I’m sure there are many of you that lie awake in bed at night pondering this question. Well, okay. Maybe that’s stretching it. Looking further into this question could potentially be the difference between health and sickness. Unfortunately, many doctors and nutritionists throw these two terms, folate and folic acid, around interchangeably. After further comparative analysis you will see there is a significant difference that can have either a beneficial or detrimental impact on your health. Most women are familiar with this vitamin and its role during pregnancy to prevent neural tube defects, spina bifida, cleft lip and cleft palate.
Folate vs. Folic Acid
Folate is a naturally occurring B-vitamin (B9) found in green leafy vegetables, broccoli, asparagus, tomatoes, citrus, lentils, liver and brewer’s and baker’s yeast to name a few. Not only is folate important in preventing birth defects, but is necessary for synthesizing DNA, repairing RNA and helping to form red blood cells.
Folic acid is the synthetic, oxidized version of this vitamin and was first crystallized in 1943. Folic acid does not occur naturally in foods and is only present with fortification and supplementation. The good news-since its introduction into our food system there has been a decrease in neural tube defects. The bad news-folic acid intake has been linked with increased cancer rates, depressed immune function, masking B12 deficiencies and cognitive decline in the elderly.
Why You Should Avoid Folic Acid
Folic acid is unable to be utilized in the cells of your body and must be converted to the active folate form. This conversion mainly occurs in the liver. The problem here is as we age, this conversion slows down considerably. Up to half of our population is unable to efficiently convert folic acid to folate and around 5 percent of our population completely lacks the enzymes to convert folic acid into folate, causing these individuals to be totally unable to utilize folic acid. Any excess oxidized folic acid that hasn’t been converted into folate can now build up in the bloodstream, interfering with metabolism and absorption of natural folate. This has been associated with certain types of cancer. In fact, several countries (including the U.S.) have reported significant increases in colon cancer after fortification with folic acid in the food supply. When cancer cells or precancerous cells are present, this excess oxidized folic acid in our bloodstream has been compared to pouring gas on a fire.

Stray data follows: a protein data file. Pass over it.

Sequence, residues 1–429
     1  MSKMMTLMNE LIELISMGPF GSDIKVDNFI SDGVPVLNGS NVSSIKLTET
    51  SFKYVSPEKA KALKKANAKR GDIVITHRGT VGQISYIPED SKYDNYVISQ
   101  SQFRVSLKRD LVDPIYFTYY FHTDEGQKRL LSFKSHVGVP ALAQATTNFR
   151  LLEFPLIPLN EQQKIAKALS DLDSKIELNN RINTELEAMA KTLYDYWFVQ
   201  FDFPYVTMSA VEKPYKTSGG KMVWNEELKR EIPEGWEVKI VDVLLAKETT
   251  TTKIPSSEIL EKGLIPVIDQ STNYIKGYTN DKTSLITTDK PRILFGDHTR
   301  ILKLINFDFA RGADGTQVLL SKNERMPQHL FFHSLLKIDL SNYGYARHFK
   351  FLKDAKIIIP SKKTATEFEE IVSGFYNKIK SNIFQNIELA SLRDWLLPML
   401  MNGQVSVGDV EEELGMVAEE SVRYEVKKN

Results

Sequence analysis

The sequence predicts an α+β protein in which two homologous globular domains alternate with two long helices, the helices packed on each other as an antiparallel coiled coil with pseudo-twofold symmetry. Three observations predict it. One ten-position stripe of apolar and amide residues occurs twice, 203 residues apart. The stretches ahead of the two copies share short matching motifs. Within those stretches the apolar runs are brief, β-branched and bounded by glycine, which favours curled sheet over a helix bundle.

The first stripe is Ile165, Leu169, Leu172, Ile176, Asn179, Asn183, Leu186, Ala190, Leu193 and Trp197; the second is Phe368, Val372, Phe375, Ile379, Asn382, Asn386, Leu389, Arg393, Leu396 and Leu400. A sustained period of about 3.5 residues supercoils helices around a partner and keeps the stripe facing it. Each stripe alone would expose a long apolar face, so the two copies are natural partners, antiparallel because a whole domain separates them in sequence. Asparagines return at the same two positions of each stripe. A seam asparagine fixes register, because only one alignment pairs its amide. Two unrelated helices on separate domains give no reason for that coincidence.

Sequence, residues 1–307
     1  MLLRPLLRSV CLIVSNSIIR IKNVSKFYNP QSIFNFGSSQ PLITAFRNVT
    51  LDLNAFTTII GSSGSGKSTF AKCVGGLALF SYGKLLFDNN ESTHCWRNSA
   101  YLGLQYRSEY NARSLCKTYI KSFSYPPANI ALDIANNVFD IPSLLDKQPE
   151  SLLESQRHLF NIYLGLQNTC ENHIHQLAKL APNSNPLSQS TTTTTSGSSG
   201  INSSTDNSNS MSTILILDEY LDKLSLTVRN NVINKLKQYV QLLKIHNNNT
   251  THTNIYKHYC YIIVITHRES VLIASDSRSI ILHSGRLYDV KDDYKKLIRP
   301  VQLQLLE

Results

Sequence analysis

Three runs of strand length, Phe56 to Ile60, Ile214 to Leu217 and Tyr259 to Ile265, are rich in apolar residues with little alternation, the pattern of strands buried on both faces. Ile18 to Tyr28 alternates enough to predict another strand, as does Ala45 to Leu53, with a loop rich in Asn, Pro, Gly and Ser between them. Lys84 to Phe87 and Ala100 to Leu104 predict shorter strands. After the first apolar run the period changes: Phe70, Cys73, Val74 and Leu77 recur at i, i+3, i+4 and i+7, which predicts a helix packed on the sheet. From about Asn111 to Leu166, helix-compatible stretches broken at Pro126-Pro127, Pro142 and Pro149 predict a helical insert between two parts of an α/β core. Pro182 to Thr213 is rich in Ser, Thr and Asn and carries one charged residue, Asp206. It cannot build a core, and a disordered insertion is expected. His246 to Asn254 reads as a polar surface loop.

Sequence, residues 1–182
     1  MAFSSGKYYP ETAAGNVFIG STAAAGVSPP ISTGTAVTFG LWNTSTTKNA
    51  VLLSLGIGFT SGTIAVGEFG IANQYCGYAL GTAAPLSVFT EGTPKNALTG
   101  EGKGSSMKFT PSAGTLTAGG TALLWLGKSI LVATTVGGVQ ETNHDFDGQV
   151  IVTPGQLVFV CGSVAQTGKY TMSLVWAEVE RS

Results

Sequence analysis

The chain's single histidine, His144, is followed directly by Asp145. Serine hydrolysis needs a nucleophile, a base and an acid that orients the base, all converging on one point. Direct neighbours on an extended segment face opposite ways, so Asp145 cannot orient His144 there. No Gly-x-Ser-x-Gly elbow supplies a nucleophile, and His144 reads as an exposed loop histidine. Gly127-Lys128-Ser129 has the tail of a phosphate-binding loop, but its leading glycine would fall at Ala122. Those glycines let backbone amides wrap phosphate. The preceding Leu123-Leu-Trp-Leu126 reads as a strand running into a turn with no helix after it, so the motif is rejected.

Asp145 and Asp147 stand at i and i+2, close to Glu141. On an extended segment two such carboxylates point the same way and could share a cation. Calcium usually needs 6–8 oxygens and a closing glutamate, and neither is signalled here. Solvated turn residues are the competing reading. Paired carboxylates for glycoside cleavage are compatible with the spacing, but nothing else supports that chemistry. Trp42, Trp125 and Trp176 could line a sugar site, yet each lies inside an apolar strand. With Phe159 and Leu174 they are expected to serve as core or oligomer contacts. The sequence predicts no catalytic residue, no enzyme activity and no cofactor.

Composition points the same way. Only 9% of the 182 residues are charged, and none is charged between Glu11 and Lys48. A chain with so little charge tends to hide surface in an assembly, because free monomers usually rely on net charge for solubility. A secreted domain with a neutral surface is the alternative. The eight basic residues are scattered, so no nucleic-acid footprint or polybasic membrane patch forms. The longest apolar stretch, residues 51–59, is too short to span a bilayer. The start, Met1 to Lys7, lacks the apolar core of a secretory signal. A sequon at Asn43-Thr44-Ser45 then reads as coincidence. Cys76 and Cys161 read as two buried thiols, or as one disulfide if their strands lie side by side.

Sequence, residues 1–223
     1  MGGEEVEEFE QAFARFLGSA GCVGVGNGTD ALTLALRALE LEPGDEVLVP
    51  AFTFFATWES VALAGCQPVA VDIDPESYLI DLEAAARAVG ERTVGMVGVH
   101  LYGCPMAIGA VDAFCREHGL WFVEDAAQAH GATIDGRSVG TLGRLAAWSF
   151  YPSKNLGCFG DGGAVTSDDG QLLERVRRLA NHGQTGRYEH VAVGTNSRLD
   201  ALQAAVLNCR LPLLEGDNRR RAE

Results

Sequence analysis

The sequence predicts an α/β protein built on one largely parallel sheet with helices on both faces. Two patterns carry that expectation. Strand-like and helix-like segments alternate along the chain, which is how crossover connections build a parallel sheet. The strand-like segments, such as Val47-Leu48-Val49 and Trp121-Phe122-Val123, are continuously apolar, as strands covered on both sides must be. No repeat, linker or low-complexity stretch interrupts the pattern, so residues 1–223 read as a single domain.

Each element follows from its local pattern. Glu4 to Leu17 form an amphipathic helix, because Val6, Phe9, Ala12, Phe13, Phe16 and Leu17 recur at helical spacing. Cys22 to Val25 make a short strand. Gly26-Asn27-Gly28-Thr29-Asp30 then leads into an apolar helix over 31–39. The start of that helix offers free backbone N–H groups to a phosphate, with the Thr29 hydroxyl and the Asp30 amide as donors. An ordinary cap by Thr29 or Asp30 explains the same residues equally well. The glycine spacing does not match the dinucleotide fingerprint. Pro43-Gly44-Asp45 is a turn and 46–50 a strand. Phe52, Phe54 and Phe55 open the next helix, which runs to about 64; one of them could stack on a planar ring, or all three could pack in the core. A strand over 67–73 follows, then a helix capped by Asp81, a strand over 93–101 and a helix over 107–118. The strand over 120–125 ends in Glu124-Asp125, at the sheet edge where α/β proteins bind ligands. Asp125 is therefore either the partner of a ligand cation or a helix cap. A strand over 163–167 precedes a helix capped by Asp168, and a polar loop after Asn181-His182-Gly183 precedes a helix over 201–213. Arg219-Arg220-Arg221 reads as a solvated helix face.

According to Dr. David Smith, Ph.D., folic acid researcher and professor of pharmacology at the University of Oxford in England reports, “The more we learn about folic acid, the more it’s clear that giving it to everyone has very real risks. Unlike folate, folic acid isn’t found in nature, so we don’t know the effect of the excess.”
Where To Find Folate
As with all nutritional issues, it is always best to get your nutrients from whole food sources. When it comes to folate, think about foliage and include as many leafy greens as possible including kale, spinach, romaine, turnip greens and collard greens in addition to the foods mentioned earlier.
Nutritional supplements are an ideal way to make up for vitamins and minerals you may not be getting adequate amounts of in your diet. It is important that these nutrients in your supplements are in a natural form so your body can efficiently utilize them. When choosing the right multivitamin/mineral supplement, be sure to check the label for naturally occurring folate and not synthetic folic acid. In general, most people would benefit from around 200-400 mcg of folate daily. For women who are planning on becoming pregnant, 800-1200 mcg of folate daily for several months before becoming pregnant is recommended. If you are pregnant, 600-800 mcg of folate daily is recommended.
Blood tests are a quick way to determine if your folate levels are within their optimal range. Genetic testing is also available through performing a saliva swab to determine if you are able to produce the enzymes necessary to convert folic acid into folate.